The Goddess Speaks
New Year's far from home lacks some sizzle
WHEN I called home to Beijing the other day, Mom told me that the municipal government has lifted its 12-year ban on fireworks, so the family will be able to usher in the Year of the Dog in our beloved fiery style.
I was homesick enough already, but that was big news to a pyrotechnic fan like me and just made me wish for home all the more. For the first time, I will greet the Lunar New Year thousands of miles from home, in Hawaii, where I am on a nine-month journalism study program.
The Lunar New Year (on Sunday this year) is more commonly referred to as Spring Festival in China, as it symbolizes the coming of spring. It is the most important and celebrated holiday in China. How I miss the excitement, the jubilation, the anticipation of Spring Festival.
The adults would begin to gather in the courtyard of the family compound a week before to make preparations. In my family the women outnumber the men by far, but the men have an upper hand when it comes to cooking. My father and uncles are talented cooks, and Spring Festival offers the perfect opportunity for them to show off their culinary skills. For this reason my cousins and I, nine girls and one boy in all, have played only the role of big eaters for the past many years.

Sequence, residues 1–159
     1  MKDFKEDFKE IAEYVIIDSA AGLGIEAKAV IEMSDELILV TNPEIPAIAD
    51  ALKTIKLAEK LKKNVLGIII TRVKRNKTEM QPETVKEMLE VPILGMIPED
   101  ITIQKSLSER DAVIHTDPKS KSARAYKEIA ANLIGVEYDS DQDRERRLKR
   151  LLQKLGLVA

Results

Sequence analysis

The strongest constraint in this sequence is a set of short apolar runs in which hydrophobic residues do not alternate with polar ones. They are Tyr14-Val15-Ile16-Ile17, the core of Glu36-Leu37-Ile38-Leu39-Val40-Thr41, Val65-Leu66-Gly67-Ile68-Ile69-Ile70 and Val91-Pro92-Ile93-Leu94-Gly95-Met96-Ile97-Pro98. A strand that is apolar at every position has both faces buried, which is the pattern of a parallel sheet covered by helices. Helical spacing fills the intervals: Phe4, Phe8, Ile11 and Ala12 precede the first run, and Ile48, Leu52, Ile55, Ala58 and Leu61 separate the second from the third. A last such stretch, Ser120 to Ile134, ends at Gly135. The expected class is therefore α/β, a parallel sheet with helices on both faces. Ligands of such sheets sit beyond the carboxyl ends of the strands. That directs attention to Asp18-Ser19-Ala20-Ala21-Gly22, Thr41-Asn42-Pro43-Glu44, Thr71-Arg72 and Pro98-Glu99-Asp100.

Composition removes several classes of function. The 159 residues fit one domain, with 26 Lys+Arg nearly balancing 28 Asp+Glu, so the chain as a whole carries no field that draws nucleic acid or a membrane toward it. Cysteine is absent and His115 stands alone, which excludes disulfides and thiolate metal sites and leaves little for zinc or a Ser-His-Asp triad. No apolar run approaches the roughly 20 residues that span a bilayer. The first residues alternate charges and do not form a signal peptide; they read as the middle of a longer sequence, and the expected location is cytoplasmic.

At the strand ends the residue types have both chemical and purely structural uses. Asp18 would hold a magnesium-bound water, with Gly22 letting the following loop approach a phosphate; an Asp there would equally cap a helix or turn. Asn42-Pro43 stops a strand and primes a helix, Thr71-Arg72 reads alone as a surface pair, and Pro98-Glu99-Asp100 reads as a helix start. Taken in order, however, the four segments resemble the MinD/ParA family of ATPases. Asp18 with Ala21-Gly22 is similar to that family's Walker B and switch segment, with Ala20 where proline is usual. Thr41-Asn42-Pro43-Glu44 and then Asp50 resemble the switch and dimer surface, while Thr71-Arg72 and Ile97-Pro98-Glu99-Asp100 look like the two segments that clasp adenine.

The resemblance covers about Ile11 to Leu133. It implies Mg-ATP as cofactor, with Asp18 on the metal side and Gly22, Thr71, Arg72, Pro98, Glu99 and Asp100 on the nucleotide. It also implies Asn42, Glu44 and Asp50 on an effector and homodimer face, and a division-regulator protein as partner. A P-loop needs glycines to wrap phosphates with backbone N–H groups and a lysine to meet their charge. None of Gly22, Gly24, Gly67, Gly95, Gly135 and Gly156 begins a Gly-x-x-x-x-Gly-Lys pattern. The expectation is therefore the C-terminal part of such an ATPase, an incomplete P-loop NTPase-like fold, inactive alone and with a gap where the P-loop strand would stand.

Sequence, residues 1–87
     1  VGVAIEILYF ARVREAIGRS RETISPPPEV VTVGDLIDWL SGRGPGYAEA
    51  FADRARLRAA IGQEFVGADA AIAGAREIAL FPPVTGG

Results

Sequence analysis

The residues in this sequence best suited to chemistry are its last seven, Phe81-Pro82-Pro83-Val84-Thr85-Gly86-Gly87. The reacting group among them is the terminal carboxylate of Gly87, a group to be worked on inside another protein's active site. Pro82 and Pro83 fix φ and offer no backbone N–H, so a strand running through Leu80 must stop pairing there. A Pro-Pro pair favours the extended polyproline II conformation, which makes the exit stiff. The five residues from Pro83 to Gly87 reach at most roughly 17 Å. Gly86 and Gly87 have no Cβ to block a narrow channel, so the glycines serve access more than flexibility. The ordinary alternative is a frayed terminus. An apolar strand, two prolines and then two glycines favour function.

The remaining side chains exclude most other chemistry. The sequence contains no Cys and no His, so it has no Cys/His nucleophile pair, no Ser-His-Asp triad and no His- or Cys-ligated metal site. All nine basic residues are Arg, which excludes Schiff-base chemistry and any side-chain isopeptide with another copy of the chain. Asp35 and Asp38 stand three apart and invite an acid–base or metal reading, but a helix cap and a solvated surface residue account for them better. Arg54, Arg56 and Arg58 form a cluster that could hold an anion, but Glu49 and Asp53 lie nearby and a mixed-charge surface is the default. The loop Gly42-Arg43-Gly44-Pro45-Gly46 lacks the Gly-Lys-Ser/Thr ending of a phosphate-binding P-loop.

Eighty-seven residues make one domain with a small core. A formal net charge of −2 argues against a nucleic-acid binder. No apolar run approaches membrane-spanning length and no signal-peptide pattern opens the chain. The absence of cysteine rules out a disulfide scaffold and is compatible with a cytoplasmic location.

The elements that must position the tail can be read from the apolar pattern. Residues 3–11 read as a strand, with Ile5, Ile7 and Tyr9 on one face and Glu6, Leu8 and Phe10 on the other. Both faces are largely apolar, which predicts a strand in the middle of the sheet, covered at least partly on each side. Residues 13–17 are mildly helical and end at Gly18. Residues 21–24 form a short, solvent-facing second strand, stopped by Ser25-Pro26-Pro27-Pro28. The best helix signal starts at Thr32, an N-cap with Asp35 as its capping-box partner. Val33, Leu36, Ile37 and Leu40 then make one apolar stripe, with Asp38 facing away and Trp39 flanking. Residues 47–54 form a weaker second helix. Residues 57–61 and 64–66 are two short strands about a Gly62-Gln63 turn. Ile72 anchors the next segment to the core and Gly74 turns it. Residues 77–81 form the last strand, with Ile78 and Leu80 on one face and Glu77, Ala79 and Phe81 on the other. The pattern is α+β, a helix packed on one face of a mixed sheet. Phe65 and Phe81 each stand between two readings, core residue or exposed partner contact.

On the eve the adults were always busy making "jiaozi," or dumplings, a boiled version of potstickers. There would be an array of fillings to satisfy every palate: beef with parsley, pork with cabbage, chicken and chives and vegetarian. The little pockets of meat and vegetables in soft dough wrappers would be released into boiling water at midnight and consumed minutes later with gusto.
Jiaozi are a must for Spring Festival celebrations. I always took it for granted that someone would make the dumplings and all I had to do was to show up with a big appetite. I had it made. My job was to eat, pop firecrackers and articulate proper New Year's greetings to my elders so they would give me cash in red envelopes.
As I count down the days of the Year of the Rooster, I realize I must embrace a new kind of Chinese New Year -- one that's celebrated far from home with newfound independence and newly honed wok skills.
I might not be the master chef that my father and uncles are, but I've had to learn to cook for myself since arriving in Hawaii in August. My nearly six-month experience in the kitchen leaves me confident that I can muster a decent Spring Festival dinner for my friends and myself.
But just to be safe, I am keeping my fingers crossed that my novice jiaozi don't explode in the boiling water like New Year's firecrackers.
Ma Xingfei is a sportswriter for Xinhua News Agency and is among six recipients of the Parvin Fellowship for Journalism Studies at the University of Hawaii.
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